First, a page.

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Friday, 15 December 2017
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Raw materials & technologies, Technologies, Functional coatings

Bioinspired route toward elastic concrete materials

Friday, 1 December 2017

Taking inspiration from a sea urchin spine with highly ordered nanoparticles in the biomineral mesocrystal, German researchers report a bioinspired route toward elastic concrete materials.

A sea urchin spine. Source: Physical Chemistry, University of Konstanz.

A sea urchin spine. Source: Physical Chemistry, University of Konstanz.

Calcium silicate hydrate (C-S-H) is the binder in concrete, the most used synthetic material in the world.

Poor flexural strength

The main weakness of concrete is the lack of elasticity and poor flexural strength considerably limiting its potential, making reinforcing steel constructions necessary. Although the properties of C-S-H could be significantly improved in organic hybrids, the full potential of this approach could not be reached because of the random C-S-H nanoplatelet struct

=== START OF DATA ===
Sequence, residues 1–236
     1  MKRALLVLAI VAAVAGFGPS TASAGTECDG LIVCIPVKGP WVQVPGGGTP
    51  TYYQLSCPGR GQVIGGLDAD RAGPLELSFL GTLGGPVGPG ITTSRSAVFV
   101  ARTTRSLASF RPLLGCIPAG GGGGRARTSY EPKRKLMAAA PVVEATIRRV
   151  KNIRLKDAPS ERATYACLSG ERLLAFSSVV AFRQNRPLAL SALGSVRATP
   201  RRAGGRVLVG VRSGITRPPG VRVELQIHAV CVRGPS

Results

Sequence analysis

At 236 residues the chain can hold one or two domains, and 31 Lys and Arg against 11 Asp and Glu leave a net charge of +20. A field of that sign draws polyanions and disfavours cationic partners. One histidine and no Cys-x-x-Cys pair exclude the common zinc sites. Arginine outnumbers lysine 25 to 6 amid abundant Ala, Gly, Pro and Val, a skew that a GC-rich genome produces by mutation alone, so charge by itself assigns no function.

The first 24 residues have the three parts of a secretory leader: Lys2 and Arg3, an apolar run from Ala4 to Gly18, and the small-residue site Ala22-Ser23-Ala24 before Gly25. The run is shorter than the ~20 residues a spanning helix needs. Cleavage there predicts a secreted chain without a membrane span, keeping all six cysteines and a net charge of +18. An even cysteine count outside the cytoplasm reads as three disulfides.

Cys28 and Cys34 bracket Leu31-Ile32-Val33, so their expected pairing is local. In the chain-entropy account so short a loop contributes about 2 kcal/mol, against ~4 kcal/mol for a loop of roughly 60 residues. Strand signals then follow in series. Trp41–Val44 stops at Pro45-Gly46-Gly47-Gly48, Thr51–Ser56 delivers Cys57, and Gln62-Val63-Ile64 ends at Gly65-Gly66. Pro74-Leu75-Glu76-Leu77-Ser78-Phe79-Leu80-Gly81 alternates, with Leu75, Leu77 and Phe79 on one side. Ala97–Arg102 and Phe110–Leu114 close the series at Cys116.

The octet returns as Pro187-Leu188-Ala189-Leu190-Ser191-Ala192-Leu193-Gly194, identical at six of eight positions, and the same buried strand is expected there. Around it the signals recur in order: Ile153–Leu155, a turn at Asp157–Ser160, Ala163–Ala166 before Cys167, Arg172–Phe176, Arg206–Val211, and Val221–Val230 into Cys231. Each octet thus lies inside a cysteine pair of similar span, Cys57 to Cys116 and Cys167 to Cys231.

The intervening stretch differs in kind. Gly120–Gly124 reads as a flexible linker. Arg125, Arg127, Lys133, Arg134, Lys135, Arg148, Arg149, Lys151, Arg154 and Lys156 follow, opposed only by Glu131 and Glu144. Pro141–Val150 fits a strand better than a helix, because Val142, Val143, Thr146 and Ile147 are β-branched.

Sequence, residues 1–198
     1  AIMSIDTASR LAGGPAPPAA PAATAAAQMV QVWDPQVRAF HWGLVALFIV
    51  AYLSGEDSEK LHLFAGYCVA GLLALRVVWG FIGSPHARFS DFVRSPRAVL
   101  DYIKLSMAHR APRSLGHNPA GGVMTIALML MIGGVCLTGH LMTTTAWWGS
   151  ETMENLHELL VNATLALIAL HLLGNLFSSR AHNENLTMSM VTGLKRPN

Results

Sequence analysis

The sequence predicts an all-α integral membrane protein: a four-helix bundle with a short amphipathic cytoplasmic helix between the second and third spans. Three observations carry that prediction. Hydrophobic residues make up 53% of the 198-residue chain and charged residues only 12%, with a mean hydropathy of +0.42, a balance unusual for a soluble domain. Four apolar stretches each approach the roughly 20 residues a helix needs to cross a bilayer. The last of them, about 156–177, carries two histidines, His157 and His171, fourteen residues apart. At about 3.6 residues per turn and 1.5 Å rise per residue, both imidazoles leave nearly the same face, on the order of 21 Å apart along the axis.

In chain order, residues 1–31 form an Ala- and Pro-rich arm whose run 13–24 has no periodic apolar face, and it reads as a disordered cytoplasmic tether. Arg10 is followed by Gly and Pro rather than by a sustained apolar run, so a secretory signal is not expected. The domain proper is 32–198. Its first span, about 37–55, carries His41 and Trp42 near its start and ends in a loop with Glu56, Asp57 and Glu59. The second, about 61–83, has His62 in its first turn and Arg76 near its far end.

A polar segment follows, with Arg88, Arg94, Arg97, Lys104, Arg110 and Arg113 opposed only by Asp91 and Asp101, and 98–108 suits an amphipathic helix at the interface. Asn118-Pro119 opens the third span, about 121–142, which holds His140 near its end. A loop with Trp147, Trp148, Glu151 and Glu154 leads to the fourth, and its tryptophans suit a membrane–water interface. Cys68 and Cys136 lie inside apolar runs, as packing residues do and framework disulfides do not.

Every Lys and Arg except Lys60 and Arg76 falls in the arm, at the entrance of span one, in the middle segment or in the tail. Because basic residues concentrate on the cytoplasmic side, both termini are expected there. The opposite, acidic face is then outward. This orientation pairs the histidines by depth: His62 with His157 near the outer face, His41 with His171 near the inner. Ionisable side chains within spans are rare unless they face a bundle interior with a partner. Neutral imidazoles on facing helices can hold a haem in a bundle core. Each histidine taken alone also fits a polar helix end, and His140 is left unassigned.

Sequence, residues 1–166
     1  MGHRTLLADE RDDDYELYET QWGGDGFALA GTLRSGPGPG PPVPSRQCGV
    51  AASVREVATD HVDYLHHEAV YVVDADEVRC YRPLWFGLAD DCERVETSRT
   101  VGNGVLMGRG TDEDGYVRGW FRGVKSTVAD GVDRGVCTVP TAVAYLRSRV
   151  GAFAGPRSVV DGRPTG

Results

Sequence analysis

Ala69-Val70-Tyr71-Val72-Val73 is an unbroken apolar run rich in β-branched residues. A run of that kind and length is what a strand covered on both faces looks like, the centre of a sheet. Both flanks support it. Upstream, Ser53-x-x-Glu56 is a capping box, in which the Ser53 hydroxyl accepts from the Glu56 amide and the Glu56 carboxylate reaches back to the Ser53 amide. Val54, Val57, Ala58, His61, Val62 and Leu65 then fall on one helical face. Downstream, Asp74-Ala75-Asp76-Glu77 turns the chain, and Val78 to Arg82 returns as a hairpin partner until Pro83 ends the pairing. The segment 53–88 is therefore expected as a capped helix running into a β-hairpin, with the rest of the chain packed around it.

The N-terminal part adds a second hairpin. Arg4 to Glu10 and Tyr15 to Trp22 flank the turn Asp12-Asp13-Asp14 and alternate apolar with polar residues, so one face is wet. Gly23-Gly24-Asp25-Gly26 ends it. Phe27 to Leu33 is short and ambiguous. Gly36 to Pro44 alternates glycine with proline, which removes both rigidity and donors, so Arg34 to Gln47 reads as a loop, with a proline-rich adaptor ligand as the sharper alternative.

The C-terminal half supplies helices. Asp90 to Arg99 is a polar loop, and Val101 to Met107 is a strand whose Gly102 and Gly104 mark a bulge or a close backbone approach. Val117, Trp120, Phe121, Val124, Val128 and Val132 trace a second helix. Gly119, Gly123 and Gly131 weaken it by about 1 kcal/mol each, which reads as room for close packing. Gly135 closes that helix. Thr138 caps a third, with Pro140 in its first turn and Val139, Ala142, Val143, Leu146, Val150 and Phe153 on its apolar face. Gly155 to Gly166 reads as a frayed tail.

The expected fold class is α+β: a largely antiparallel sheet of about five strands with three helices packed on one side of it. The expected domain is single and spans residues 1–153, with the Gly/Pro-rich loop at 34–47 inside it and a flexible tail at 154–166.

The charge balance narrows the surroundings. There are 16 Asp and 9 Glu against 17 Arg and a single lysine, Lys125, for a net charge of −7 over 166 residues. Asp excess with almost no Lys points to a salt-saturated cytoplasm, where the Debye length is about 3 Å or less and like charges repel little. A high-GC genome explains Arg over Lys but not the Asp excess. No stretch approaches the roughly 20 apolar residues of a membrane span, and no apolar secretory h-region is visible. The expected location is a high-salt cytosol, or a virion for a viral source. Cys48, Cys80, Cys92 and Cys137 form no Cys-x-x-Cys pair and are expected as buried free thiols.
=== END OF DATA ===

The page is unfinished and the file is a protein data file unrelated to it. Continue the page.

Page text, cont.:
Bending strength similar to nacre

Taking inspiration from a sea urchin spine with highly ordered nanoparticles in the biomineral mesocrystal, German researchers report a bioinspired route toward a C-S-H mesocrystal with highly aligned C-S-H nanoplatelets interspaced with a polymeric binder. A material with a bending strength similar to nacre is obtained, outperforming all C-S-H–based materials known to date. This strategy could greatly benefit future construction processes because fracture toughness and elasticity of brittle cementitious materials can be largely enhanced on the nanoscale.

The study is published in: Science Advances, Vol. 3, No. 11, November 1, 2017.

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